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The first speaker up on the Meaning conference, organized by Nixon-McInnes, was Stowe Boyd (@stoweboyd, download presentation 2.4MB PDF). Stowe describes himself as a “speculative designer” and focuses on the impact of the social tools we think we know, and we think we love. Stowe was writing a book on the future of business but he trashed it as the implications of the future, for him, made what he was writing too timid.
Stowe believes that we are moving into the post-normal era, when the rate of change of technology, the impact of social tools and the pressing concerns of problems such as global climate change mean that everything changes: “We are moving from solid to liquid,” he said. The effect of this on business, as in the rest of society, will be both positive and negative and Stowe cited the Arab Spring and the burgeoning of social media as an example with the negative being the ongoing collapse of paid journalism. A similar flip side of fluidity is seen in business with the increasing fluidity of modern work. Modern labour markets have the “freelance nation” at their disposal for a huge range of tasks – temporary and contract staff; freelancers; outsourcers and off-shorers. This flexibility comes with the downside of the reduction in commitment to full-time employment.
Stowe went on to describe how this fluidity, created in part with social tools was changing the hierarchical nature of organisations. [An aside: Stowe claims that the uptake of social tools within enterprises was spread by marketing people, although this isn’t my recollection of the past decade as IT and KM professionals eagerly took up the mantle along with believing early adopters from all-over.] The result of these tools though, as we are aware, is the breaking down of traditional silos within companies and as a result the “true” orgchart becomes a network of dotted lines within and outside of the organisation. Stowe sees this trend continuing and greater agility coming from these looser ties – making businesses “Fast and Loose” aided by the innate human “bias toward cooperation and Swift Trust.”
Swift Trust is the psychological phenomenon that outsiders dropped into a team assume from the start that their fellows are trustworthy. With an estimation that up to 40% of the creative and professional work in the United States carried out by freelancers that would tend to lend credence to that as a contributing factor that loose teams can be highly productive. Modern tools allow project teams to pull in resources, both internal and external, to achieve wonders and this begins to touch on the intranet, and extranet world. Stowe sees this trend exploding but sees the current range of collaborative tools to be far too limited. For a start these tend to be places that you must go to — a SharePoint team site or a BaseCamp project and it lacks a common interchangeable protocol, but crucially if you are drawing in freelance resources the process of negotiation is external to the process. Many freelancing platforms such as eLance or oDesk that include these sort of tools have a much more integrated vision of the digital workplace. Could organizations start using similar functionality? Stowe favours tools based on the freelancer favourite Dropbox, which is persona non grata within most companies. Perhaps it is time to think more about what we think of as the nature of collaborative extranets, and think much bigger.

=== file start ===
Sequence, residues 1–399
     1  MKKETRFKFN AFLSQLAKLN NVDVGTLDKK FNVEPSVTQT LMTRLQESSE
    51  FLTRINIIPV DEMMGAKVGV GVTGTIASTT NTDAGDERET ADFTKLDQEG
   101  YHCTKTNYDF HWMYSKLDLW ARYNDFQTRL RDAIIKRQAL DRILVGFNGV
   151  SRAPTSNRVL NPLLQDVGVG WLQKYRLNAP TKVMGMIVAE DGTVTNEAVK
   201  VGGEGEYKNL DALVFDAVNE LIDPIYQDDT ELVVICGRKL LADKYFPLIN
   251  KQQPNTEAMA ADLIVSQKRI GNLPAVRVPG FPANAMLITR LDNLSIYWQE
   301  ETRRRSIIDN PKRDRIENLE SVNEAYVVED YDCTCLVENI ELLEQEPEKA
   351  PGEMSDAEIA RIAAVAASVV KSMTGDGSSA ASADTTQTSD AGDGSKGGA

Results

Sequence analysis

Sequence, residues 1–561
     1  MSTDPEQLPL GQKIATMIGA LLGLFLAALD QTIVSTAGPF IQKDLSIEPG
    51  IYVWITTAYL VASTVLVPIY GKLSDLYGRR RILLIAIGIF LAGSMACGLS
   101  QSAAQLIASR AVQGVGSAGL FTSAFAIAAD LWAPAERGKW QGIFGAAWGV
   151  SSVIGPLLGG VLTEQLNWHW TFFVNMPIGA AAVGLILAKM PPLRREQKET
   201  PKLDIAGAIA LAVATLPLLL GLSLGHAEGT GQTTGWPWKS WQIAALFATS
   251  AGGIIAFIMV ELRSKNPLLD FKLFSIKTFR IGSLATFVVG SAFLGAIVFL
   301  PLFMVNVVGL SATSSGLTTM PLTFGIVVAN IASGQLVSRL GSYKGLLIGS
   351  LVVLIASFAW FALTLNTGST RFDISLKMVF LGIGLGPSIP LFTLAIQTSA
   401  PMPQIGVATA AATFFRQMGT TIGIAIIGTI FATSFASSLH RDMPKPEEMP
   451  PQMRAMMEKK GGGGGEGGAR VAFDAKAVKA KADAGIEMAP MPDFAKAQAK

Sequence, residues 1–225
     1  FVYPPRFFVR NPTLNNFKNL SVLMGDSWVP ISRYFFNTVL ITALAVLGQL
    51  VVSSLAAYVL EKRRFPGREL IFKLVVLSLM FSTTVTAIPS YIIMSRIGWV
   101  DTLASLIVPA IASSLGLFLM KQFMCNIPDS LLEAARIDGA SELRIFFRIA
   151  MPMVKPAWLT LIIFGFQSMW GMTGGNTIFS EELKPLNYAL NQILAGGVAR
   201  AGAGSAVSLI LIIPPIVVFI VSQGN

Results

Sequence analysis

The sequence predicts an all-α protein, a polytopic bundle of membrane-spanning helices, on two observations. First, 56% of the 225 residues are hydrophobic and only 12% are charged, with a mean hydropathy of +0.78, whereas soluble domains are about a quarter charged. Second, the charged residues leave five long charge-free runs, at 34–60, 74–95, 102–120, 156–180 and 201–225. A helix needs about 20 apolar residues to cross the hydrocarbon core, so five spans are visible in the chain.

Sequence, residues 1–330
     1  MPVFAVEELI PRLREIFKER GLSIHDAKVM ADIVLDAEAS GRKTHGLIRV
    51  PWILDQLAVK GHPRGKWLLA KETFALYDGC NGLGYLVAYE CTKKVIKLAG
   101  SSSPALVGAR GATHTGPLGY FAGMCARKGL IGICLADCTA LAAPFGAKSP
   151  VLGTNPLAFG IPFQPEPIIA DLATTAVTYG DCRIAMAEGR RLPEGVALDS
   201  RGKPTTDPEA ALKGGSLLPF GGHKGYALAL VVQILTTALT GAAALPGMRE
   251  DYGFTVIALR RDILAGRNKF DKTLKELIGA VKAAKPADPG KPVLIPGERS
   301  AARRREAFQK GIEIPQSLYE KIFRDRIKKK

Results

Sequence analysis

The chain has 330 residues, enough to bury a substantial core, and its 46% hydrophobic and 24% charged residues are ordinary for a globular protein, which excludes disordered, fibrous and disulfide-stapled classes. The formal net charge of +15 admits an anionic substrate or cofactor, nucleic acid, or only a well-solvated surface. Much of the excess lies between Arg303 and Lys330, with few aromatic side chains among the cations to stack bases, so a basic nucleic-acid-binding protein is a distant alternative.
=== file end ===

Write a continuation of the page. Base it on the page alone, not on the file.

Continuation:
“Perhaps it’s time to think more about the nature of collaborative extranets, and think much bigger.”
Stowe also touched on different ways of organizing businesses themselves in this post-normal world, and cited Valve, the darlings of the game development world. Valve, famously, has devolved management into what everybody does (PDF 4MB). There are no managers and employees decide what has their attention and then work on it. This doesn’t mean there aren’t rules, each employee is evaluated by their peers, but it means the “boss” Gabe Newell, can’t get his idea for games developed. Valve is the most profitable company per employee in the world.
Stowe also mentioned his hopes for companies becoming more participatory democracies and saw potential in new voting systems, particularly the Schulze algorithm which is a way of allowing people to vote using a preferences on a series of choices, and output a list of what-to-do-next. Admittedly this has been deployed mostly within Open Source development efforts and to organise the German Pirate Party, but imagine being able to deploy decision making tools into traditional organizations. I find these visions of the future… what’s that unfamiliar feeling? Oh yes. Optimism.
See also part one of this series: Breaking the chain – death to email